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The Production and Fate of Nitrogen Species in Deep-Sea Hydrothermal Environments

Chawalit Charoenpong, Ph.D., 2019
Scott Wankel, Advisor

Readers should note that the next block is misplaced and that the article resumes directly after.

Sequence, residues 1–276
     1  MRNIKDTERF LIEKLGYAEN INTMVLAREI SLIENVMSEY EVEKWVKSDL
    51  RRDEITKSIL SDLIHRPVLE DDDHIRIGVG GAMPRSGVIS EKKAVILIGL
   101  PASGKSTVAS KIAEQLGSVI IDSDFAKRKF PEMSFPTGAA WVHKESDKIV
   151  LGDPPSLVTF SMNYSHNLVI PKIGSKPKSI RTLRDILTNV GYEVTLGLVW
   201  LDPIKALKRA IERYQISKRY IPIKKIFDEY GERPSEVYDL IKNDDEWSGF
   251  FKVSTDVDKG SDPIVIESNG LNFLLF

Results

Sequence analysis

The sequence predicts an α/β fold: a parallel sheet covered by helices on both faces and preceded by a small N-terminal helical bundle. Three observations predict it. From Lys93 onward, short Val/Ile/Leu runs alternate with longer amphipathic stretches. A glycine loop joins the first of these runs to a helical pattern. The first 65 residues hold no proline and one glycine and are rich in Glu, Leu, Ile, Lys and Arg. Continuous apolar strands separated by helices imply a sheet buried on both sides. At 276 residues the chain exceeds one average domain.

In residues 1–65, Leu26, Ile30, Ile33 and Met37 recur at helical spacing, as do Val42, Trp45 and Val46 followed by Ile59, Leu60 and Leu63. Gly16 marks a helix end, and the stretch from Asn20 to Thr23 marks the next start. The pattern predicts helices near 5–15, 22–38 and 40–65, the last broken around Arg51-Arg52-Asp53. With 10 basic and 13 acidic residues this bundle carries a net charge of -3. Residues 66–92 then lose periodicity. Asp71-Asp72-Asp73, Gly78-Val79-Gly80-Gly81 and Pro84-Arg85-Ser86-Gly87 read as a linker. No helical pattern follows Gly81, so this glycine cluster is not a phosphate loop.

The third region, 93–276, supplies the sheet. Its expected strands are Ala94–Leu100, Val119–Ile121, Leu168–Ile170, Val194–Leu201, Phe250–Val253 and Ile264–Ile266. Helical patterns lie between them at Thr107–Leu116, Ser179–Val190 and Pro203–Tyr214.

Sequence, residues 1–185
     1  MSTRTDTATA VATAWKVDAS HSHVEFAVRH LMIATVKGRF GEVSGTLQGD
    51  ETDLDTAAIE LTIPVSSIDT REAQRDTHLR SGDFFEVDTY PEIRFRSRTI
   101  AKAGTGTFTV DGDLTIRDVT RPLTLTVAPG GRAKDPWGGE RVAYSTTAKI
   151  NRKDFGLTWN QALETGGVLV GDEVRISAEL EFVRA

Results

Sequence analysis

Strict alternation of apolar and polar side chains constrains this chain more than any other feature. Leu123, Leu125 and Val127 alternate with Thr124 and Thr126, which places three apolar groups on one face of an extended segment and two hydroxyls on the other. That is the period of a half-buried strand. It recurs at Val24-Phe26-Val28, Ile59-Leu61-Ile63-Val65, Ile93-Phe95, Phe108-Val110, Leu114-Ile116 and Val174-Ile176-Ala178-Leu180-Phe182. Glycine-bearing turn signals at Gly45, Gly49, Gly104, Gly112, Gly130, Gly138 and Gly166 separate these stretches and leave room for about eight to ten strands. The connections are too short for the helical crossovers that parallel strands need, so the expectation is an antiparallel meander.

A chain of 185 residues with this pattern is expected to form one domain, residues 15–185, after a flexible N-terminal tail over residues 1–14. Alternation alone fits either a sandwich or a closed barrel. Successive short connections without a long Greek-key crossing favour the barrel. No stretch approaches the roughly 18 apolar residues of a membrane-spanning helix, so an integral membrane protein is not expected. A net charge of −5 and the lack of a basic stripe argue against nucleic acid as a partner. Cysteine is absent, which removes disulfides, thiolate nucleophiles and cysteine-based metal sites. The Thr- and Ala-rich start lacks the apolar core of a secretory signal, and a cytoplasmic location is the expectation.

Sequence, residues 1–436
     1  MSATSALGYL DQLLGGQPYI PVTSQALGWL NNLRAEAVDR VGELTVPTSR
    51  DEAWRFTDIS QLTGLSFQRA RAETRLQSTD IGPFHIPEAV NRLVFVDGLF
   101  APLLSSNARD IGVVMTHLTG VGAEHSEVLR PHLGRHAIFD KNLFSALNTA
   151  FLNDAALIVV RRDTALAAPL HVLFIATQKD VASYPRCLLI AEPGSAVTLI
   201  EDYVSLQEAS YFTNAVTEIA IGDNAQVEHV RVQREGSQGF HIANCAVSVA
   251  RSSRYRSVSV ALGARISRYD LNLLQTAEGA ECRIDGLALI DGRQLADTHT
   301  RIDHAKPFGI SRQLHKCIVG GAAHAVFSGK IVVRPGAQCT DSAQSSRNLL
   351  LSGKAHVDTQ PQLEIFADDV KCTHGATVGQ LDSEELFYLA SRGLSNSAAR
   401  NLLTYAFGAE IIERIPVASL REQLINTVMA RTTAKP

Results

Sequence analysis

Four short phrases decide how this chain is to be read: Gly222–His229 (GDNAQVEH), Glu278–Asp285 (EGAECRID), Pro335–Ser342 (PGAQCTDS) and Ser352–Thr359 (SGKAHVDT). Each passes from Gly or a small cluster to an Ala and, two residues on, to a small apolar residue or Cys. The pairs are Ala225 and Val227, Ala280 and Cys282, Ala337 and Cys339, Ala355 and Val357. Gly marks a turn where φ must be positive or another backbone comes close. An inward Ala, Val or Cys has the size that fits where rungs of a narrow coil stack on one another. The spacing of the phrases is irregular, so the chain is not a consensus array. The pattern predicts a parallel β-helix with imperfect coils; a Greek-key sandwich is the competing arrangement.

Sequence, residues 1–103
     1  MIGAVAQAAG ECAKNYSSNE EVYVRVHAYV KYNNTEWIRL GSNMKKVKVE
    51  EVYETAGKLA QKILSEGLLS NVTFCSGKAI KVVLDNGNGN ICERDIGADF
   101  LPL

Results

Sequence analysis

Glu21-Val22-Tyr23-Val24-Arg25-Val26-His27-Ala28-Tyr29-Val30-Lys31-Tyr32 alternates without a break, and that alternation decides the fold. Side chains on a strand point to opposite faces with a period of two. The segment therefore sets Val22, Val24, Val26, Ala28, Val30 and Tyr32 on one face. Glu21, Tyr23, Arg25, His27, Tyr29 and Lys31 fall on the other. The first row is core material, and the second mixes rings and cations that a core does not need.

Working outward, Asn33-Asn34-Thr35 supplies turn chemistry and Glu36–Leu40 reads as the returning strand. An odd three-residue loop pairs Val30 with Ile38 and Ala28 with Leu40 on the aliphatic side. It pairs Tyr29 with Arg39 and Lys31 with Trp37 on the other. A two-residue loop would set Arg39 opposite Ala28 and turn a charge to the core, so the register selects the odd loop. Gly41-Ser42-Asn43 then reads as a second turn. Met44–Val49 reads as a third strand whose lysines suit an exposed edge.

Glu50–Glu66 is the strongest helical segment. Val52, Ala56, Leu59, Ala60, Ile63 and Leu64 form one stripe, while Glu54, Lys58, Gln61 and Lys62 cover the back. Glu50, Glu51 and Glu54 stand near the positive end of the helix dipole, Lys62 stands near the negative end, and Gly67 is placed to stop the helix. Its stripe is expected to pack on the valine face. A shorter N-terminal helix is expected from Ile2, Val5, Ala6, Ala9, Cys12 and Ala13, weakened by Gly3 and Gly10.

This work explores different processes relevant to nitrogen (N) transformations at deep-sea vents. First, I discuss the isotope fractionation and reaction kinetics during abiotic reduction of nitrate (NO3-) to ammonium (SNH4+) under hydrothermal conditions.  Both aspects of the reaction were affected by temperature, fluid/rock ratio, and pH. Moreover, two distinct patterns in the reaction products can be discerned with the reaction producing NH4+only at high pH, but both SNH4+ and N2 at low pH. Next, I report measurements of NH4+ concentrations and N isotopic composition (d15NNH4)from vent fluid samples, highlighting the importance of different processes operating at sediment-influenced and unsedimented systems. Lastly, I explore SNH4+ dynamics in the context of low-temperature vent sites at 9°50’N East Pacific Rise to investigate dynamics of microbially-mediated N transformations.  Through both measurements of natural samples, as well as isotopic characterization of N species from incubation experiments and model simulations thereof, an exceptionally high variability observed in d15NNH4 values emphasizes the complexity of these microbe-rich systems. In summary, this thesis highlights the role of microbial processes in low temperature systems, demonstrates a more mechanistic understanding of lesser-understood abiotic N reactions and improves the coverage of available data on deep-sea vent SNH4+measurements.